"Finestra, sestra," said Van, mimicking a mad prompter.
"Irina (sobbing): 'Where, where has it all gone? Oh, dear,
428.05 oh, dear! All is forgotten, forgotten, muddled up in my head—
I don't remember the Italian for "ceiling" or, say, "window." ' "
"No, 'window' comes first in that speech," said Van, "be-
cause she looks around, and then up; in the natural movement
of thought."
428.10 "Yes, of course: still wrestling with 'window,' she looks up
and is confronted by the equally enigmatic 'ceiling.' In fact,
I'm sure I played it your psychological way, but what does it
matter, what did it matter?—the performance was perfectly
odious, my baron kept fluffing every other line—but Marina,
428.15 Marina was marvelous in her world of shadows! 'Ten years
and one have gone by-abye since I left Moscow' "—(Ada, now
playing Varvara, copied the nun's "singsongy devotional tone"
(pevuchiy ton bogomolki, as indicated by Chekhov and as ren-
dered so irritatingly well by Marina). " 'Nowadays, Old Bas-
428.20 mannaya Street, where you (turning to Irina) were born a
score of yearkins (godkov) ago, is Busman Road, lined on both
sides with workshops and garages (Irina tries to control her
tears). Why, then, should you want to go back, Arinushka?
(Irina sobs in reply).' Naturally, as would-every fine player,
428.25 mother improvised quite a bit, bless her soul. And moreover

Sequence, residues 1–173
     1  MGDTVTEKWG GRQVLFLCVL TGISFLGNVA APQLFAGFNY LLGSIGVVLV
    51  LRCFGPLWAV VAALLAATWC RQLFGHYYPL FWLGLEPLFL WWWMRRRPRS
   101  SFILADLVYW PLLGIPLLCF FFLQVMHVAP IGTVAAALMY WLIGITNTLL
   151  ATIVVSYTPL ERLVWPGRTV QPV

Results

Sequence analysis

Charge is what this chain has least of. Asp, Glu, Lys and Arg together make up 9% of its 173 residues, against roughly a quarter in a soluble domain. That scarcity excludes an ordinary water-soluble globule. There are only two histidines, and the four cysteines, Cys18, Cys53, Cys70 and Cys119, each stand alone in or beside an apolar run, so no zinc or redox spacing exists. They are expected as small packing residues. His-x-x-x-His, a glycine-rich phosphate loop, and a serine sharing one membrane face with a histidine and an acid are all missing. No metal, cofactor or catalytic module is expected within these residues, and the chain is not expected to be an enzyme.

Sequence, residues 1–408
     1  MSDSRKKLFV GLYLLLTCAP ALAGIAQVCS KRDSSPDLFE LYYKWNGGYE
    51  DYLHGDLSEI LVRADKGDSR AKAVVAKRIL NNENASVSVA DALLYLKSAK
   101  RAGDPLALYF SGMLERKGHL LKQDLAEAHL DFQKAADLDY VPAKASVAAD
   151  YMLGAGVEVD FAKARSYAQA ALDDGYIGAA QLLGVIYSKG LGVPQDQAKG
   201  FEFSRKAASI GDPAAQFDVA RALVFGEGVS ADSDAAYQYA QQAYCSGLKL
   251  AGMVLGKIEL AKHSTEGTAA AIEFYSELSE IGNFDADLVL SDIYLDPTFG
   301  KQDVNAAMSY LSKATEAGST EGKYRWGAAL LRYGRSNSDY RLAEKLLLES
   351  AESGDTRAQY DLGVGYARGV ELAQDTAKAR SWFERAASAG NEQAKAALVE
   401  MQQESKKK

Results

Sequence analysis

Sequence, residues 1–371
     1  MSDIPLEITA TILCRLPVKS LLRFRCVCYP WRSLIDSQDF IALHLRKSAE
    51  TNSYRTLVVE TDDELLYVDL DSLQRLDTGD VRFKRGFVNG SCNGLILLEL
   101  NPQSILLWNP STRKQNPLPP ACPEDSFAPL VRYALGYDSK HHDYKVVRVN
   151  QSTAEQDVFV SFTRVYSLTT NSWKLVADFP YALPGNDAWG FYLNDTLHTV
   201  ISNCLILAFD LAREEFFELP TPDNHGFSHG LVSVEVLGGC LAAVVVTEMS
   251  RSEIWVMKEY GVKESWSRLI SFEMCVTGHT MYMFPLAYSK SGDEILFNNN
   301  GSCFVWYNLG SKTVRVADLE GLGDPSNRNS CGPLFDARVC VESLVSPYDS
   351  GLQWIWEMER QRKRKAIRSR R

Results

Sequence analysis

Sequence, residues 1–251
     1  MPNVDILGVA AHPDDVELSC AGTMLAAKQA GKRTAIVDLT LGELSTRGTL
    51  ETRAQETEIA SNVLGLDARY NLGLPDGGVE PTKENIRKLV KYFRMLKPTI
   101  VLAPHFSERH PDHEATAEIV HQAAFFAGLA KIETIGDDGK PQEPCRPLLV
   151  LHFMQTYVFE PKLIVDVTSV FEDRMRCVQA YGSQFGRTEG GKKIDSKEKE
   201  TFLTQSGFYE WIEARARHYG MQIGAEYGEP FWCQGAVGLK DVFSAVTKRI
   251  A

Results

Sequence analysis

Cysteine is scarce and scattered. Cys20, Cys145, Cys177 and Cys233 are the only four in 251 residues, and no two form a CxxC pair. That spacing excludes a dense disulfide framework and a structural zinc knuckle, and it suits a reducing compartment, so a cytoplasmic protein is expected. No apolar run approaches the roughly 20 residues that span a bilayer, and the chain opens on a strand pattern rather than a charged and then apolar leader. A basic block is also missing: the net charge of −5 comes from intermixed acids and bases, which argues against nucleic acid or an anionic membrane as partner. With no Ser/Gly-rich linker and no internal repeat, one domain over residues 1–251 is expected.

her voice—in young tuneful Russian!—is substituted for Le-
nore's corny brogue."
Van had seen the picture and had liked it. An Irish girl, the
infinitely graceful and melancholy Lenore Colline—
 
428.30 Oh! qui me rendra ma colline
Et le grand chêne and my colleen!
 
—harrowingly resembled Ada Ardis as photographed with her
mother in Belladonna, a movie magazine which Greg Erminin

[ 428 ]

had sent him, thinking it would delight him to see aunt and
cousin, together, on a California patio just before the film was
released. Varvara, the late General Sergey Prozorov's eldest
daughter, comes in Act One from her remote nunnery, Tsitsikar
429.05 Convent, to Perm (also called Permwail), in the backwoods of
Akimsk Bay, North Canady, to have tea with Olga, Marsha,
and Irina on the latter's name day. Much to the nun's dismay,
her three sisters dream only of one thing—leaving cool, damp,
mosquito-infested but otherwise nice and peaceful "Permanent"
429.10 as Irina mockingly dubs it, for high life in remote and sinful
Moscow, Id., the former capital of Estotiland. In the first edition
of his play, which never quite manages to heave the soft sigh
of a masterpiece, Tchechoff (as he spelled his name when living
that year at the execrable Pension Russe, 9, rue Gounod, Nice)
429.15 crammed into the two pages of a ludicrous expository scene all
the information he wished to get rid of, great lumps of recol-
lections and calendar dates—an impossible burden to place on
the fragile shoulders of three unhappy Estotiwomen. Later he
redistributed that information through a considerably longer
429.20 scene in which the arrival of the monashka Varvara provides
all the speeches needed to satisfy the restless curiosity of the
audience. This was a neat stroke of stagecraft, but unfortunately
(as so often occurs in the case of characters brought in for
disingenuous purposes) the nun stayed on, and not until the
429.25 third, penultimate, act was the author able to bundle her off,
back to her convent.
"I assume," said Van (knowing his girl), "that you did not
want any tips from Marina for your Irina?"
"It would have only resulted in a row. I always resented her
429.30 suggestions because they were made in a sarcastic, insulting
manner. I've heard mother birds going into neurotic paroxysms
of fury and mockery when their poor little tailless ones (bezkh-